The claim that the House bill would amount to "government-run health care" suffered a blow last week, when the Congressional Budget Office estimated that the so-called "public plan" in the revised bill wouldn’t offer much in the way of competition to private insurers. But that hasn’t stopped Republicans from repeating the claim.
For several months, we’ve been debunking assertions that Democratic health care bills call for a Canadian or British-type system in which everyone is insured, or insured and cared for, through the government. None of the bills being debated in Congress call for such a single-payer system. Conservative groups have also claimed that a federal health insurance plan would be the death knell for private insurance, offering a much cheaper alternative and eventually leading to "a government-run system." As we’ve written, how competitive the "public plan" would be depends greatly on how it’s structured. And the latest iteration in the revised House bill isn’t expected to have much of an impact on private insurers, according to the nonpartisan CBO and an independent analysis of this scenario.
But Republicans are still recycling "government-run" claims and old analyses that don’t pertain to the bill. House Minority Leader John Boehner was saying back in June that the House bill "is a complete government takeover of our health care system," and again last week, Boehner told Fox News that the revised House bill is "nothing short of a complete government takeover of our health care system." Boehner partly blamed the federal insurance plan for the takeover, saying, "you’re going to drive every private health insurance company out of business."
The congressional Republicans’ Web site further claimed that the House bill would create "a new government-run health plan" that "would cause as many as 114 million Americans to lose their existing coverage," according to the Lewin Group. But that’s not what the Lewin Group said at all. The GOP cherry picks this number from a months-old Lewin Group study that’s based on an early version of the House bill (and the assumption that the "public plan" would be open to everyone). Lewin’s estimates of how many would leave private plans in favor of a federal option, structured as it is in the latest House bill (as well as the version that came out of the Energy and Commerce committee), are 90 percent lower than that. The Lewin Group is a subsidiary of UnitedHealth Group but says it operates with "editorial independence."
The early House bill called for a federal insurance plan that would pay health care providers at Medicare rates, which are 20 percent to 30 percent less than what private plans pay on average, according to the Lewin Group. If this type of federal plan, which would be substantially cheaper than private insurance, were open to everyone within three years, it could lure as many as 114 million away from private insurance, Lewin estimated. The revised bill calls for a federal plan that pays negotiated rates, putting its premiums in line with those of private plans.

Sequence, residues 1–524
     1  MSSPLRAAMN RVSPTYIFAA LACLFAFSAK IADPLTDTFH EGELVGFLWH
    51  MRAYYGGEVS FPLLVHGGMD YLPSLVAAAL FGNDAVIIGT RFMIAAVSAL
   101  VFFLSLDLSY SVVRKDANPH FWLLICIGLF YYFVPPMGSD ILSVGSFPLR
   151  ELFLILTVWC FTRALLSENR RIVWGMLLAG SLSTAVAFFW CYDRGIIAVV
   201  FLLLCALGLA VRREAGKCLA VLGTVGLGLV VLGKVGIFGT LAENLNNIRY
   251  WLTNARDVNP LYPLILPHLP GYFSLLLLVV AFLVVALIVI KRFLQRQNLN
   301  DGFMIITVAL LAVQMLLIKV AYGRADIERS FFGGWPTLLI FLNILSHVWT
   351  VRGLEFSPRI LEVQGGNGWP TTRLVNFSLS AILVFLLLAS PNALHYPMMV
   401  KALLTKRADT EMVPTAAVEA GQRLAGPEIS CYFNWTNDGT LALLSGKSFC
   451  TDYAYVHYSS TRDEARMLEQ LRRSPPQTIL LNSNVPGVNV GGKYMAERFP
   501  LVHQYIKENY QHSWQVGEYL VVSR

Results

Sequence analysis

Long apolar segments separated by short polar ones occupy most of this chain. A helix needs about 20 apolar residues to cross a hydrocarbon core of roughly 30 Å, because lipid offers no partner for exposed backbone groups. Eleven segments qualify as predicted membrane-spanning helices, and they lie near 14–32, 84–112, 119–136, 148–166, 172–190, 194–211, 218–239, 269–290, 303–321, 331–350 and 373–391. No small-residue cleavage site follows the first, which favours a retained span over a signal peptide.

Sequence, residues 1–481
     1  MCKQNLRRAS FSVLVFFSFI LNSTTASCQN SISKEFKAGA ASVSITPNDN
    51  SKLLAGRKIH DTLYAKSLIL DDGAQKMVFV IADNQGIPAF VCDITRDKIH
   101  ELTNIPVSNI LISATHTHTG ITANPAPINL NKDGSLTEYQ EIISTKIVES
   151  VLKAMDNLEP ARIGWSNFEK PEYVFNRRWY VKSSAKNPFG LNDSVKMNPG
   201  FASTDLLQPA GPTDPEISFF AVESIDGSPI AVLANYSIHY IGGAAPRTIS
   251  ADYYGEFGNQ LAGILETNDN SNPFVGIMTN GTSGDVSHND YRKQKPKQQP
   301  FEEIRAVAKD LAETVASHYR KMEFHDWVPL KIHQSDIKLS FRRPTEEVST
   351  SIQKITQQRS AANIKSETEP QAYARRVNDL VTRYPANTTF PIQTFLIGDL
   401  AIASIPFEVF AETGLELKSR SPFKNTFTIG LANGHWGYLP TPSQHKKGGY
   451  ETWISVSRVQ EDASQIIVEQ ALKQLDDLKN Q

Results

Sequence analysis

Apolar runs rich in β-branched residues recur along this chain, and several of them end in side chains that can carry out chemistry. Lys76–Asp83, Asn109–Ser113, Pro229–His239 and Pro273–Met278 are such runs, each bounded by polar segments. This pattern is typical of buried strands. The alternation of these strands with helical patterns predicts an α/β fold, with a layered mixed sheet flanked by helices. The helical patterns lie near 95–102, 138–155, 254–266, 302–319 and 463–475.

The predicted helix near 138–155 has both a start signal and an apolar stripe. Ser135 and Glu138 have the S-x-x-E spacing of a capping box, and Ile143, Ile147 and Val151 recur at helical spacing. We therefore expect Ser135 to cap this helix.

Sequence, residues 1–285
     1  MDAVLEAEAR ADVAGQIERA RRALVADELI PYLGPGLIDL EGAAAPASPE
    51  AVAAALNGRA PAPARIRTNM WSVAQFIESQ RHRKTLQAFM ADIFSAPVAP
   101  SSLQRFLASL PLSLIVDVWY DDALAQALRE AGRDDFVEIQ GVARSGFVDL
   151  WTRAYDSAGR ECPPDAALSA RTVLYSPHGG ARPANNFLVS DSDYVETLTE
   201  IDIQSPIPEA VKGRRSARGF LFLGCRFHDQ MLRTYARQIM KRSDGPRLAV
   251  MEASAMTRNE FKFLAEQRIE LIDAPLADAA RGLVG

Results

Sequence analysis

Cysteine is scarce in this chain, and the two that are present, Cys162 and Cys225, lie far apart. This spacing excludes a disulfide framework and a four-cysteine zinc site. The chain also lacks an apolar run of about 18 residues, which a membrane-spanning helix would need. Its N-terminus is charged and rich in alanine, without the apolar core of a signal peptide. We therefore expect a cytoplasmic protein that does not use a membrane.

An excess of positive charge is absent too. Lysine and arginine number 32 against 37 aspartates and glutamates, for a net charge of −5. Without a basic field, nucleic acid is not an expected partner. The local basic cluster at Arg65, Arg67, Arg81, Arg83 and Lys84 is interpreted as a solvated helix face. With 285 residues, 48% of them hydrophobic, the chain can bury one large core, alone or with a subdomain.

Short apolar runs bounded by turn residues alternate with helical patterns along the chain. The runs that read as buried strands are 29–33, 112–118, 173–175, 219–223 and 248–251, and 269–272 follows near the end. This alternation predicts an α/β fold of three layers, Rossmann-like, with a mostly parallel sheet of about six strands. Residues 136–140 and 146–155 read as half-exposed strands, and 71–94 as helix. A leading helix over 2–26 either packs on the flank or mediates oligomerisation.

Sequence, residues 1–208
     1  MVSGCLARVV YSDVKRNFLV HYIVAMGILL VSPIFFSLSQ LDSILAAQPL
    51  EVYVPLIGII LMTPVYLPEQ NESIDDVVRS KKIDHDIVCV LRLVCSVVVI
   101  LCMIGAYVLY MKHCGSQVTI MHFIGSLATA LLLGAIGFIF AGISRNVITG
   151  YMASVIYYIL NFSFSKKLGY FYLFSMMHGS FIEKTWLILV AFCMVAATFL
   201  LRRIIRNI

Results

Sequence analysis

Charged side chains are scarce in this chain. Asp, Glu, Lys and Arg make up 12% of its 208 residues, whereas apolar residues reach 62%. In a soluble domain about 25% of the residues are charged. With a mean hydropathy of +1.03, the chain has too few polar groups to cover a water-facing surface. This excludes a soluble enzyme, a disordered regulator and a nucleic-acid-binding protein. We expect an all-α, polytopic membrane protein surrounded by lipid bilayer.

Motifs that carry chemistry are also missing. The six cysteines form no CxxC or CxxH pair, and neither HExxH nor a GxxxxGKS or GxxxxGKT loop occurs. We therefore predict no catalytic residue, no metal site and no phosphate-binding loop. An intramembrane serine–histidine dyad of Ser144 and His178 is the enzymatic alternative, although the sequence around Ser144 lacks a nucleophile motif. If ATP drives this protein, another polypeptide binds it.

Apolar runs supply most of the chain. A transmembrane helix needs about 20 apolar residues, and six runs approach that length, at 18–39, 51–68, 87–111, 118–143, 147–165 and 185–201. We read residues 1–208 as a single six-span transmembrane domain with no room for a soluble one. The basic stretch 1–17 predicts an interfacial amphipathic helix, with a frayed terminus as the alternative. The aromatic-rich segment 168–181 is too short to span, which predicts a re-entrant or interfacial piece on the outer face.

The Lewin Group has not released an analysis of the latest House bill, but it did model what would happen under a similar situation, with a federal plan paying negotiated rates. Lewin found that such a plan would result in 10.4 million to 12.5 million people moving off of private plans, in favor of the "public option." Why the big drop? Because those with private insurance wouldn’t save much money, if any, by switching to the federal plan.
CBO analyzed the revised House bill, and it came up with even lower numbers. CBO estimated that 6 million Americans total would join the so-called "public plan" by 2019 — and that premiums would be "somewhat higher" than the average private plan premiums offered through an insurance exchange. CBO said the plan would be most attractive to the less healthy members of the population, forcing premiums higher, despite the fact that the federal plan would save some money on administrative costs.
CBO: [A] public plan paying negotiated rates would attract a broad network of providers but would typically have premiums that are somewhat higher than the average premiums for the private plans in the exchanges. The rates the public plan pays to providers would, on average, probably be comparable to the rates paid by private insurers participating in the exchanges. The public plan would have lower administrative costs than those private plans but would probably engage in less management of utilization by its enrollees and attract a less healthy pool of enrollees. (The effects of that “adverse selection” on the public plan’s premiums would be only partially offset by the “risk adjustment” procedures that would apply to all plans operating in the exchanges.)
In any case, whether 6 million people take up the "public plan" (CBO) or 12 million (the Lewin Group’s high-end estimate), neither number comes close to backing up the GOP claim that this bill would "drive every private health insurance company out of business" and result in "government-run" health care.